At a special term of the Supreme Court, held at the court house in the city of Albany, on the 1st day of June, 1888.

Present—Hon. WM. L. LEARNED, Justice.

IN THE MATTER OF THE APPLICA- ] TION OP PETER DOWNER, FOR A j WRIT OF HABEAS CORPUS [OR CER- \-TIORARI] TO INQUIRE INTO THE ! CAUSE OF HIS DETENTION j

WHEREAS (setting forth the whole proceeding).

Now, therefore, it appearing upon the return of the writ of habeas corpus (or certiorari), allowed by me, that Peter Downer is imprisoned (confined or restrained) by (name of officer or person by whom held), and no lawful cause for the said imprisonment (confinement or restraint) of said Peter Downer, or for the continuance thereof, having been shown, it is finally

Ordered, That said Peter Downer be and hereby is discharged forthwith, from the custody of said (sheriff, coroner or other person).

Dated Albany, N. Y., June 1, 1888.

WM. L. LEAENED,

Justice Supreme Court.

Or (under sections 2036, 2043.)

Now, therefore, due proof having been made by the return to said writ, and the subsequent proceedings herein, that the said Peter Downer is not unlawfully imprisoned or restrained of his liberty, but is lawfully held in the custody and control of said (sheriff or other person), under and by virtue of (state grounds), it is hereby finally

Ordered, That the said Peter Downer be and hereby is remanded to his former confinement and restraint in the custody of said (sheriff, or to the care and custody of J.

H., sheriff of -------- county), under said mandate, and

the said proceedings upon said writ are hereby dismissed.

Dated.

(Signature.)

No. 34.

Order Admitting Prisoner to Bail,

(Code of Civil Procedure, § 2045). Ante, p. 127.

IN THE MATTER OF THE APPLICATION OF HENRY JONES FOR A WRIT OF HABEAS CORPUS (OR CER-TIORA.RI).

It appearing from the return to said writ and the subsequent proceedings, that said Henry Jones, so imprisoned or detained is entitled* to be admitted to bail. Now, therefore, it is

Ordered, That the said Henry Jones be and hereby is discharged from imprisonment under said (warrant), and from the custody of said (sheriff), upon his entering into


a recognizance, with two sufficient sureties, in the sum of two thousand dollars, to the people of the State of New York, to appear at the next court of special sessions to be held in and for the county of Albany, at the court house in the city of Albany, on the 18th day of June, 1888, at ten o'clock in the forenoon, then and there to be dealt with as justice shall require. Dated ALBANY, N. Y., June 2d, 1888.

JOHN C. NOTT,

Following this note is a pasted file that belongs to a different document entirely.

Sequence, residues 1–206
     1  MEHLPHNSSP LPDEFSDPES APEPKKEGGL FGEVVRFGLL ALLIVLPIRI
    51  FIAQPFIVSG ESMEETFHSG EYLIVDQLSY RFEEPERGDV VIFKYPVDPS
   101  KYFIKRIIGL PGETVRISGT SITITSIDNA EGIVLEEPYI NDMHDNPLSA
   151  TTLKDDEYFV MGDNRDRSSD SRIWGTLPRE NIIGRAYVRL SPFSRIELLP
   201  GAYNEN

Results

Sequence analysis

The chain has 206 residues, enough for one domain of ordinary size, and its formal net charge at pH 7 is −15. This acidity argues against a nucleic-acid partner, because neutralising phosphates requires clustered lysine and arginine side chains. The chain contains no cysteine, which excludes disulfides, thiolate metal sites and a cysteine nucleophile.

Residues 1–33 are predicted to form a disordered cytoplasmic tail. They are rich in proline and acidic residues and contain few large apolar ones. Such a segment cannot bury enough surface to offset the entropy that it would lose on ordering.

County Justice.

No. 35.

Judge's Certificate of Compliance to be Indorsed on Order.

(Code of Civil Prodedure, § 2049.)

Ant , p. 129.

I, John C. Nott, county judge of Albany county, having granted the within final order, do certify that Henry Jones, the within named prisoner, has given the undertaking required by section 2045 of the Code of Civil Procedure, and is entitled to be discharged from imprisonment. Dated ALBANY, N. Y., June 9, 1888.

JOHN C. NOTT,

County Judge.

No. 36.

Petition for Warrant for Prisoner about to be Removed,

(Code of Civil Piocedure, § 2054.) Ante, pp.

(As in petition for habeas corpus to f.)

That (state facts fully but briefly), and that there is good reason to believe that he will be carried out of the State, or suffer irreparable injury, before he can be relieved by a writ of habeas corpus or certiorari.

That no previous application has been made for arrest herein (or if made, to whom and what facts have been discovered, etc.).

Wherefore, deponent asks that a warrant may issue, directed to the proper officer, commanding him to take and forthwith bring before the court the said Henry K. Thomas (and the said J. H., sheriff, § 2055), to be dealt with according to law.

Dated ALBANY, Sept. 2, 1890.

HENRY K. THOMAS.

(Verification.)

No. 37.

Warrant to Bring up Prisoner About to be Removed.

(Code of Civil Procedure, § 2054). Ante, p. 144.

The People of the State of New Yorfc to the Sheriff of the county of Albany (or coroner, or John Doe):

It appearing to the satisfaction of this court, by the petition of Henry K. Thomas, sworn to the 2d day of September, 1890, that (statement of facts), and that there is good reason to believe that he will be carried out of the state, or suffer irreparable injury, before he can be relieved by a writ of habeas corpus or a writ of certiorari:

Now, therefore, we command you to forthwith take and bring before me, the said Henry K. Thomas, to be dealt with according to law.

Witness my hand this 2d day of September, 1890, at the court house in the city of Albany, N. Y.

JACOB H. CLUTE,

County Judge.

WILLIAM T. SMITH,

Attorney for Petitioner.

(Office and P. O. Address.)

No. 38.

Notice of Appeal from an Order Refusing to Grant Writ of Habeas Corpus or Certiorari.

(Code of Civil Procedure, § 2058.) Ante, p. 142.

(As in Form No. 14.)


No. 39. Order Fixing Bail Pending Appeal.

(Code of Civil Procedure, § 2060.) Ante, p. 142.

At a special term of the Supreme Court, held in and for the county of Columbia, at the court house in Hudson, on the 18th day of March, 1890.

Present—Hon. SAMUEL EDWARDS, Justice.

IN THE MATTER OF THE APPLICATION OP RICHARD COLLINS FOR A WRIT OF HABEAS CORPUS OR CER-.f TIORARI.